Also, here's to tolerance and peace, and a fervent hope that someday such days of remembrance won't be needed.

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posted by kinnakeet at 9:46 AM on November 22, 2010


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posted by joedan at 10:59 AM on November 22, 2010


And yet, some people, even in the GLBTQ community, just don't get it. Read this essay: "Dancing on Graves" by Gwendolyn Ann Smith, DoR founder.

While I do understand Smith's frustration, I think part of the conflict is generational (the other part I think is resentment at not being able to personally dictate how an event she founded is carried out, but whatever). Think of it what you will, but the dance party has, for whatever reason, become more or less the default community event across activist circles: there are anarchist dance parties, Palestinian-solidarity dance parties, and lots and lots and lots of queer dance parties. They're not my bag, and they're clearly not hers, but I don't think they're necessarily inappropriate as celebratory complements to the more somber acts of public remembrance (see hippugeek's comment). I mean, who exactly does she think is organizing these DoR events, anyway? The tacked-on moment of silence at the Qtalk event seems far more justifiably irritating.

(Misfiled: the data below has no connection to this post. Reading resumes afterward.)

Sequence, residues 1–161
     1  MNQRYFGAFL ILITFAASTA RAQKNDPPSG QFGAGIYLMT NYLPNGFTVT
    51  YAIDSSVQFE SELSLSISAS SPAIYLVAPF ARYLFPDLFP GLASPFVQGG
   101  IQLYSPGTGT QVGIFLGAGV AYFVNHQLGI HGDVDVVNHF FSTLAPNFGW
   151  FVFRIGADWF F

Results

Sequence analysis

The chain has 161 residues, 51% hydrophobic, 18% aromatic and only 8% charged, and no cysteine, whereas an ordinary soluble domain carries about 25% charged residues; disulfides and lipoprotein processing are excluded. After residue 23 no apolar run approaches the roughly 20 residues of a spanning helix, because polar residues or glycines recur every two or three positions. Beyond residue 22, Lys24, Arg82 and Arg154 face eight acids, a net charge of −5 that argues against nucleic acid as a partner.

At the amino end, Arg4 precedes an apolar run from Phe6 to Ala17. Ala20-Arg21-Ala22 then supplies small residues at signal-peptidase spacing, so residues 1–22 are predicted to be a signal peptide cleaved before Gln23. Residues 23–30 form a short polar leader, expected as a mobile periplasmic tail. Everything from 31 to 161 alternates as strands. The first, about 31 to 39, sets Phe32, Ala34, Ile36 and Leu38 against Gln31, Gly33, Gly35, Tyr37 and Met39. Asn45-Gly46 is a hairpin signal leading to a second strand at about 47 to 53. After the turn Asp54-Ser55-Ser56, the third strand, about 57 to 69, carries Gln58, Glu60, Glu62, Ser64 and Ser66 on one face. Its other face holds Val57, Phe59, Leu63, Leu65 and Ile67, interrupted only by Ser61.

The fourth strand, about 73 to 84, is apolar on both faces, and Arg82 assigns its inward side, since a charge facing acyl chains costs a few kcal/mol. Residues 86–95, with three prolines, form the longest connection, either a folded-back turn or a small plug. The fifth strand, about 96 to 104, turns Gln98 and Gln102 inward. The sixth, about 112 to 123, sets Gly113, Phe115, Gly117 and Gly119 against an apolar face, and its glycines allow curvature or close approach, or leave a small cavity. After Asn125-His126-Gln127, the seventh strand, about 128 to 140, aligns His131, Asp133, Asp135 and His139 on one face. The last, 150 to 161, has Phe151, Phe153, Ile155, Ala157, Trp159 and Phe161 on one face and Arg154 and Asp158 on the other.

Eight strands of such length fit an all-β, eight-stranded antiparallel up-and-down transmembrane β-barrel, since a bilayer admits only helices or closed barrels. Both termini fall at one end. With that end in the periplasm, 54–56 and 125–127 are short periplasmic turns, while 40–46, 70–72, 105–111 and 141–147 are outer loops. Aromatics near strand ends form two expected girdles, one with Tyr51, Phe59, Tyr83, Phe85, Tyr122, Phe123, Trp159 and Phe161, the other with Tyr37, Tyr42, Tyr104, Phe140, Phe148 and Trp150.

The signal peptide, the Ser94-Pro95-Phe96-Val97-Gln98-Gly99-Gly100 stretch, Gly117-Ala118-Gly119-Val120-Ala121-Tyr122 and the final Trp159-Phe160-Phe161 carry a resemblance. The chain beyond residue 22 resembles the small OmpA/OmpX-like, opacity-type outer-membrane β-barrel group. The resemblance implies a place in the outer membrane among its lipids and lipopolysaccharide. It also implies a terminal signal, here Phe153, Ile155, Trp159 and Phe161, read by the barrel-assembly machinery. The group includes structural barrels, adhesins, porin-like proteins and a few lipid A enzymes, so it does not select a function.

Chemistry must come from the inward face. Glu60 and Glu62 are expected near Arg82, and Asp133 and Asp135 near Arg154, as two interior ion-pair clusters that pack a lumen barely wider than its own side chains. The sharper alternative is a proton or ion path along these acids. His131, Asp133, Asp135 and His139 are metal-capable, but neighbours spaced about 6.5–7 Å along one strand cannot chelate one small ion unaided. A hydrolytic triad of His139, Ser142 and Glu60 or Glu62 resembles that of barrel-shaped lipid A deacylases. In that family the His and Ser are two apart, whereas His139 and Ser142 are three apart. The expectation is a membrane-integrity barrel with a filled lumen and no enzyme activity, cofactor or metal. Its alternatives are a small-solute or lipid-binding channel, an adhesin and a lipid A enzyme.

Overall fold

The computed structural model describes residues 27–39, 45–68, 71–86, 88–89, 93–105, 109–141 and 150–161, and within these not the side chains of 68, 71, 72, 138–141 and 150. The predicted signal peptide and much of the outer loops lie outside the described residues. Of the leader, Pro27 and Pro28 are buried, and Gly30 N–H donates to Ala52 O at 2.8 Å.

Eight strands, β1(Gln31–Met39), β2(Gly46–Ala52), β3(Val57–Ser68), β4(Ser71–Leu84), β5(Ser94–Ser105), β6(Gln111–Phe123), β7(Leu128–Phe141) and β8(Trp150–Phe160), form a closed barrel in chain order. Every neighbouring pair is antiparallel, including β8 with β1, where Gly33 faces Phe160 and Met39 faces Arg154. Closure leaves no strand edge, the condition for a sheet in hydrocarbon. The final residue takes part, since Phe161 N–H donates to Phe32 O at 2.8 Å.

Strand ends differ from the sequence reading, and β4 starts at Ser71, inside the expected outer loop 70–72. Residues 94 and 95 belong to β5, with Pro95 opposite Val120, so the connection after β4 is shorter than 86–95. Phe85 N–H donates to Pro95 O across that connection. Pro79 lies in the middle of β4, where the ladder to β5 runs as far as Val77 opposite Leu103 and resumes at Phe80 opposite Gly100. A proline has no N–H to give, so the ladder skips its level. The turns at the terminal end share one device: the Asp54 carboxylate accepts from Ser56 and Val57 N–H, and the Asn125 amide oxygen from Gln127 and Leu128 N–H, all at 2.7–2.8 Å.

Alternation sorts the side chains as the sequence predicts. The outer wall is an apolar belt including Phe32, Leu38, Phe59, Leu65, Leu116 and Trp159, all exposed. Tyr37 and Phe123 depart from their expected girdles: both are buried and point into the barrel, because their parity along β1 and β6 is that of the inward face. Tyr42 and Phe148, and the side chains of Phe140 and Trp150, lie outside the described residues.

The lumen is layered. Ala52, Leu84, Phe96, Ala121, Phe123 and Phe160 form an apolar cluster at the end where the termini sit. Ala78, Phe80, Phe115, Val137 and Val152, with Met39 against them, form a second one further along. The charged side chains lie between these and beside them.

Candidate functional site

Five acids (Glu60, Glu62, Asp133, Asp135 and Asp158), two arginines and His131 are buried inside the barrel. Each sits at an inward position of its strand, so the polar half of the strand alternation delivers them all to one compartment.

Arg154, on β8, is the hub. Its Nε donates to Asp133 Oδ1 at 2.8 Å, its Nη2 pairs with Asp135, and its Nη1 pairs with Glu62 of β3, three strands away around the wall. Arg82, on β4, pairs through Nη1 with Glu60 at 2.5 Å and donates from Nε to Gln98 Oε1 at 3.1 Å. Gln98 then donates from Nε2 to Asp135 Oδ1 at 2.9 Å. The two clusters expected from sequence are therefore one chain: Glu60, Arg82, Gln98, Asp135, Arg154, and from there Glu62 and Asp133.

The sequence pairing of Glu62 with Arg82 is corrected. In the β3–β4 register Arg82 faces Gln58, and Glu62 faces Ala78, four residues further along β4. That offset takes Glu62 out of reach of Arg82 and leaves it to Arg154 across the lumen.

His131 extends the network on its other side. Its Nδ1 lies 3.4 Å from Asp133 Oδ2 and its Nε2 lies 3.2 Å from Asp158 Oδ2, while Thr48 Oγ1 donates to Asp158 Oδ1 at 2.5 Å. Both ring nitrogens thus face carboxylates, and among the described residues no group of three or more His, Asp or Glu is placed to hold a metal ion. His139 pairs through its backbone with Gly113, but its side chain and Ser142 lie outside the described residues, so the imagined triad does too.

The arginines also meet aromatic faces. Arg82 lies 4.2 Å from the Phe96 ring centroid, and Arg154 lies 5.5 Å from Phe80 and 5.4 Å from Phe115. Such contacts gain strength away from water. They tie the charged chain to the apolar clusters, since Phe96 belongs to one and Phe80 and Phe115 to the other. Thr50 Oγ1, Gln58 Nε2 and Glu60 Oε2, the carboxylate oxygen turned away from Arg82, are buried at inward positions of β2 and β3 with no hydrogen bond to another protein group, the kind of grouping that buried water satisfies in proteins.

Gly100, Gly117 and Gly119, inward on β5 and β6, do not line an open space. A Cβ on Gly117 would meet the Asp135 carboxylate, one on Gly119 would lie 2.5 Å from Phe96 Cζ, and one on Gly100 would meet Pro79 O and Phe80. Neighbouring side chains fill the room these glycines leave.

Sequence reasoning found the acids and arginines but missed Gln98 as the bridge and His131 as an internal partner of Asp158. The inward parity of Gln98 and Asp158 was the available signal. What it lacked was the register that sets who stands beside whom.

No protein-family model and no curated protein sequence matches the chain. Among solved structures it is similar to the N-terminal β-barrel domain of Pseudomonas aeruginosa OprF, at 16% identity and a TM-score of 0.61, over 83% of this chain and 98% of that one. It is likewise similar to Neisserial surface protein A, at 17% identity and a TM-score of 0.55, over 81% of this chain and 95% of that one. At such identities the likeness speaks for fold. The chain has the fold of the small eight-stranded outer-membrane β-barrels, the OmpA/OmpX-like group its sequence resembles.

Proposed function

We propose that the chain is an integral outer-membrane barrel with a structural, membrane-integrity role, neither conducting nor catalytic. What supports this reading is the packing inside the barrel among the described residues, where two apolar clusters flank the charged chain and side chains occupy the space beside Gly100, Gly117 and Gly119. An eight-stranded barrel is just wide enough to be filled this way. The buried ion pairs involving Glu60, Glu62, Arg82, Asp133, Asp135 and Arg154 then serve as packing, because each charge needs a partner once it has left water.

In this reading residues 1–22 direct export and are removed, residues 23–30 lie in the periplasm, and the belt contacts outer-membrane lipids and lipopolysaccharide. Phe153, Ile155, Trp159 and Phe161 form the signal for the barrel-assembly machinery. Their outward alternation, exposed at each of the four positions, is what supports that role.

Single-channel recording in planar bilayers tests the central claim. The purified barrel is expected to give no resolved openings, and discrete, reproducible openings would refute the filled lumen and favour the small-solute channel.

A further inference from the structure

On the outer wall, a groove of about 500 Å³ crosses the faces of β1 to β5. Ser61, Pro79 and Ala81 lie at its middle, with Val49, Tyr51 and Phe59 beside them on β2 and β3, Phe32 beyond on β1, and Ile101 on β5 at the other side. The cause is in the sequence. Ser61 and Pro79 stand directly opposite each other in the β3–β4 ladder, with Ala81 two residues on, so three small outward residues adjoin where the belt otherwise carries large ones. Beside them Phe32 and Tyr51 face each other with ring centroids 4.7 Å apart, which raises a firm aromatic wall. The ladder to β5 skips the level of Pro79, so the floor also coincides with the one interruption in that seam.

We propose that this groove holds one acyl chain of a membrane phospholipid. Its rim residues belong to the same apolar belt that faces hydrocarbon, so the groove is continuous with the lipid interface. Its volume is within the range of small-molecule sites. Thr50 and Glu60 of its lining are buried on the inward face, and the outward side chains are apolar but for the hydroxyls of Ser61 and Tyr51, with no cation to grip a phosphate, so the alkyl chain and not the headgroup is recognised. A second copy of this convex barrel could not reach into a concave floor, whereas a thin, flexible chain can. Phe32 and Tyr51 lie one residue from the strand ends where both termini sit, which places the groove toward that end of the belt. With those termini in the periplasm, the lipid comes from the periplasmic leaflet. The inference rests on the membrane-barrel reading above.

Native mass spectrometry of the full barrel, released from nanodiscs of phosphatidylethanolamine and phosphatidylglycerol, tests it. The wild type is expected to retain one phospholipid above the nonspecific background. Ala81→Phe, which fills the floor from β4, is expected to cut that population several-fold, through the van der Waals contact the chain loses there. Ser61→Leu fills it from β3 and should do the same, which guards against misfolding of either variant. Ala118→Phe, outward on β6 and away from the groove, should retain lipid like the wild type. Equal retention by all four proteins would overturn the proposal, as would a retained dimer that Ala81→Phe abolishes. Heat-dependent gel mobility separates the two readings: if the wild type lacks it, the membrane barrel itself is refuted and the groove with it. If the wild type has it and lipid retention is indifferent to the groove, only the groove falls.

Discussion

As for "not getting it"… there's a lot of ambivalence on all sides of the matter. Without by any means wanting to excuse transphobia in "the GLBTQ community," as you have it, (and there's plenty), Smith writes from a very particular perspective, and I think it would be a mistake to assume it represents all or even a majority of trans people.
posted by wreckingball at 11:06 AM on November 22, 2010 [1 favorite]


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posted by cybercoitus interruptus at 11:18 AM on November 22, 2010


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posted by biscotti at 4:09 PM on November 22, 2010


Things aren't changing fast enough, but there are small movements in the correct direction.

"Three decades ago Frye volunteered at City Hall where she worked to repeal an ordinance that allowed police to arrest men in women's clothes and lesbians wearing fly-front jeans. 'Things have changed, and it's pretty wonderful,' Frye said." She is recently the first transgender judge in Texas.
posted by Houstonian at 3:54 AM on November 23, 2010